Why don't Urologists and doctors suggest these resources to us when we are diagnosed? It seems that there is a distinct lack of patient education, at least, from my urologist. There are so many good resources out there but it seems you are left on your own to discover them.

Later: The surgical consult was completed today and I have decided on robotic assisted laparoscopic surgery which is now booked for September with a possibility of obtaining an earlier date should a cancellation occur. I am comfortable in this decision that it is consistent with all my thoughts and beliefs and will give me the platform to continue to be well into the future.

I continue to fight the cancer with my visualization techniques and am researching the dietary and lifestyle trends that have some interesting possibilities in providing more mechanisms to fight future recurrences after treatment.

Keep well,

Regards, Bill

UPDATED

September 2009

On September 2nd, I will travel to London Ontario for my pre-op checkup. This is a reminder that the surgery is imminent. My robotic surgery is scheduled for September 29th.

In the time since my diagnosis, I have been doing a lot of research into lifestyle changes. As a result of reading books like The China Study, The Food revolution, Healthy at 100, Reversing Heart Disease, Eat to Live, and Becoming Vegetarian, we have completely revised our diet. After eight weeks of becoming vegetarian, my blood pressure has dropped from 130/98 to 110/70 with no changes in medications. Additionally, I have returned to me age 35 body weight. My body mass index has also come down to the favourable 22.6 value. I feel much better and have more energy. In my mind, I am beating this cancer.

My hope is that the new diet has had a positive effect on my PSA and that the cancer has been kept under control since my diagnosis. In my mind I have done everything in my power to fight this disease and am hoping after the prostate is removed that good news follows.

Regards, Bill

UPDATED

October 2009

My Da Vinci Robotic surgery was completed on September 29th, 2009, in London Ontario. The six hour surgery went without any unexpected issues and according to the surgeon, it was a clean procedure. While he was in the abdomen, he looked around at the other organs and reported that everything looked very healthy including the bladder neck. This was especially good to hear as it may help with continence issues.

I was in hospital for 3-1/2 days, a day longer than expected, as I was unable to pass gas by Wednesday which is a prerequisite for discharge. With the aid of some suppositories, things got moving on Thursday and I was released at noon on Friday October 2nd. The 2-1/2 hour drive home went well with one stop to empty the leg bag.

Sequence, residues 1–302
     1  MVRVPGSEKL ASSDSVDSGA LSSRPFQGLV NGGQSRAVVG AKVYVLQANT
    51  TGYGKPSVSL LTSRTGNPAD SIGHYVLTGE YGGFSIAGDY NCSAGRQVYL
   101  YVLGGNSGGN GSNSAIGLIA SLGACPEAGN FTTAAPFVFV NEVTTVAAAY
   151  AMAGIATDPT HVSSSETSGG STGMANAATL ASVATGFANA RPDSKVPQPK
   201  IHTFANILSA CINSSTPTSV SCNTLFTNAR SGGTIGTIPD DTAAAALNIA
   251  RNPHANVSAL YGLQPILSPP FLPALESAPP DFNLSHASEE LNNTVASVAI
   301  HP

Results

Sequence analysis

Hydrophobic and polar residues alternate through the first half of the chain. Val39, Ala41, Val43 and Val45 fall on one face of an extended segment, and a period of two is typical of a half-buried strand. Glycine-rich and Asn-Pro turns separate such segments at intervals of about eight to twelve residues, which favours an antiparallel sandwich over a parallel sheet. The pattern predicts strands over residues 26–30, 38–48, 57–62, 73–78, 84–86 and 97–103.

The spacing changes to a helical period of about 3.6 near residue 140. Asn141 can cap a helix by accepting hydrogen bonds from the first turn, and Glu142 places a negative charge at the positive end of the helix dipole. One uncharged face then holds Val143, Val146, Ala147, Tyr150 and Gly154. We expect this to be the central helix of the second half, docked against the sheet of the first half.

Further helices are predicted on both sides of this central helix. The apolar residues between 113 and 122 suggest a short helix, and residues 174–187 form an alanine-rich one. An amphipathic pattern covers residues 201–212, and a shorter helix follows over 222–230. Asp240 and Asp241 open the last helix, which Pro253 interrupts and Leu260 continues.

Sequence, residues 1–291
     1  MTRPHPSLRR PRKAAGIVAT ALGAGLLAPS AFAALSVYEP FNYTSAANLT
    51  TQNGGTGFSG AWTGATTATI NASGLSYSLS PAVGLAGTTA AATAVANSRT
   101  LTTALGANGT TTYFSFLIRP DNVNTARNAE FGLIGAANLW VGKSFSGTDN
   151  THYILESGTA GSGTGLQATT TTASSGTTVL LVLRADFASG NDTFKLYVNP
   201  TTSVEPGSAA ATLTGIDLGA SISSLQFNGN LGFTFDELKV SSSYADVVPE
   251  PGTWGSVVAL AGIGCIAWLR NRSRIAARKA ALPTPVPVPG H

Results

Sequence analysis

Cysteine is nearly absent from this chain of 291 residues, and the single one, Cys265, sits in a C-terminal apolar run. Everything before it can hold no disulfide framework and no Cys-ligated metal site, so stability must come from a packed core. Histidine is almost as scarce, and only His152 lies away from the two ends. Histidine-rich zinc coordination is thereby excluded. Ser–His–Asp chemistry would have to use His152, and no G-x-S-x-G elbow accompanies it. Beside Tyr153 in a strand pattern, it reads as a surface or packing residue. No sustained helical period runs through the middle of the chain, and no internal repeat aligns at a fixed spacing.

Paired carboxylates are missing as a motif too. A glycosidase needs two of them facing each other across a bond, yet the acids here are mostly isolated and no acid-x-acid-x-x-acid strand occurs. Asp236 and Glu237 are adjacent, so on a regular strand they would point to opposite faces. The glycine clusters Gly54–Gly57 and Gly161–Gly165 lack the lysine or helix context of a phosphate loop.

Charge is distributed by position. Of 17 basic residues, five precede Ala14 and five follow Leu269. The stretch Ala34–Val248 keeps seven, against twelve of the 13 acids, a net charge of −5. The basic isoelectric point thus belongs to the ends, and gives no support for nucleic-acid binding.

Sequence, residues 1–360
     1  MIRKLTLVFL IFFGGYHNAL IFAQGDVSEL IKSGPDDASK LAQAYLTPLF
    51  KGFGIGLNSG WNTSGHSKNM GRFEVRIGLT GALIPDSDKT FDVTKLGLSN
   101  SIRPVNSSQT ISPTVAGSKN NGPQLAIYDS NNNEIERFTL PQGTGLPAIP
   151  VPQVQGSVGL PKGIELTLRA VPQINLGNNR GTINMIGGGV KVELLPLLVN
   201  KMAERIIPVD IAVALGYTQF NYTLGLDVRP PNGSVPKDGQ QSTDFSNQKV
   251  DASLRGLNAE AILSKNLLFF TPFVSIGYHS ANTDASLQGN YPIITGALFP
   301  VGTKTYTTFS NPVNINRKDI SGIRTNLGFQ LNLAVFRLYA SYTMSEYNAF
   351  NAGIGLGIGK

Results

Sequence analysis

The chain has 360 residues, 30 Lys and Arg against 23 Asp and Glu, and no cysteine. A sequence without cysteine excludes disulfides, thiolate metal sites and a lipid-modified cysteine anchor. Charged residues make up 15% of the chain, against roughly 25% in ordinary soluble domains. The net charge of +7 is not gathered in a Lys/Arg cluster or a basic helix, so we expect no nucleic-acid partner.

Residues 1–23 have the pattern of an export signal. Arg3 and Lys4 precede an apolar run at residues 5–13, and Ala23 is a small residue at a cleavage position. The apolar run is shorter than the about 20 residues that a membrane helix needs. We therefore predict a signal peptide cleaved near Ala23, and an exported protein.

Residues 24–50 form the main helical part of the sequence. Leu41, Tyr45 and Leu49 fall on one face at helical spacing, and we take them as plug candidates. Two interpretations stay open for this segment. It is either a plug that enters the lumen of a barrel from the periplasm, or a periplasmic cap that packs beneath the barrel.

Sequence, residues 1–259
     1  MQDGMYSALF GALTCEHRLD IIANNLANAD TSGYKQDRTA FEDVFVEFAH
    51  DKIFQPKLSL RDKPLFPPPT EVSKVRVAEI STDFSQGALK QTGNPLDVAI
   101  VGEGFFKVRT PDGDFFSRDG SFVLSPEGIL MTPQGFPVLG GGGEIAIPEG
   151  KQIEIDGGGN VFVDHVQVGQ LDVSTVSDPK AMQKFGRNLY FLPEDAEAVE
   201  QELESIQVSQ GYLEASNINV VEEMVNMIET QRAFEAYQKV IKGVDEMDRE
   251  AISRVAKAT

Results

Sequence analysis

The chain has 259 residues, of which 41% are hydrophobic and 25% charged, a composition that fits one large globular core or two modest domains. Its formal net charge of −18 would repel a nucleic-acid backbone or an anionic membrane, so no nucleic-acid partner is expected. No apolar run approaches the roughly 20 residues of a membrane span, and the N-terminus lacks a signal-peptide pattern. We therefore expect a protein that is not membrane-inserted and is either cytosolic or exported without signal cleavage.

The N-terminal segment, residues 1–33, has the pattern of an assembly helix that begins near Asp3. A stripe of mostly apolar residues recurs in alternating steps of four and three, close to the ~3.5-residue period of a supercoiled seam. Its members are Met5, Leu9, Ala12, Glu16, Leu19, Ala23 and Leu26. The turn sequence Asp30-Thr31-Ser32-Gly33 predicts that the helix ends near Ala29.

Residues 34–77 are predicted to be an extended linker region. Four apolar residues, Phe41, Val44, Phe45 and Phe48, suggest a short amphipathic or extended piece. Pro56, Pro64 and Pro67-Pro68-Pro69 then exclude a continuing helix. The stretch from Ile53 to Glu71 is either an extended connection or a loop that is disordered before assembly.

There was no noticible pain from the procedure other than gas cramps. I took 2 Tylenol 3 on Tuesday evening after the surgery, at the nurses insistence, even though I felt I could get through the night without them. Regular strength Tylenol followed for two days to relieve scrotum tenderness and then I was off pain killers completely.

One by one the restrictive hardware was removed during my stay, including the IV and pelvic drain. By Friday I was down to the catheter and TEDS stockings for the trip home. I soon became familiar with the catheter care and favoured the use of the leg bag during my waking hours and the night bag for sleeping.

The day after I arrived home I started walking around my neighbourhood, increasing distance each day as I felt stronger. This resulted in some mild bleeding in the urine, which always cleared itself up within a few hours of returning home and has decreased daily as I am healing.

I am pretty much back to my regular activities, excluding lifting or stretching, and am feeling quite well in advance of my post-op visit to London on October 14th. At that meeting I hope to hear the pathology results and will of course, rid myself of the cathater. The visit includes a session with a Physiotherapist for Pelvic Floor Training which I hope will aid my return to continence.

Later: October 14th was catheter removal day and I received my pathology report on my prostate. Gleason Score remained at 3+3 = 6 as it was when originally diagnosed. There were no positive margins. Tumors were found in both lobes and involved 3-5% of the prostate. There was no Seminal Vesicle, Perineural, Lymphovascular or Lymph node involvement, and the bladder neck was also cancer free. That was the best news I could have hoped for.

After the catheter was removed, I was told by the nurse to take my time getting up from the examination table and to get dressed with a pad and leave. I carefully sat up and immediately urinated on the floor. It was not unexpected but still came as a surprise and left me embarrassed. Later that day I attended a physiotherapy session on pelvic floor training and went home to Niagara-on-the-Lake.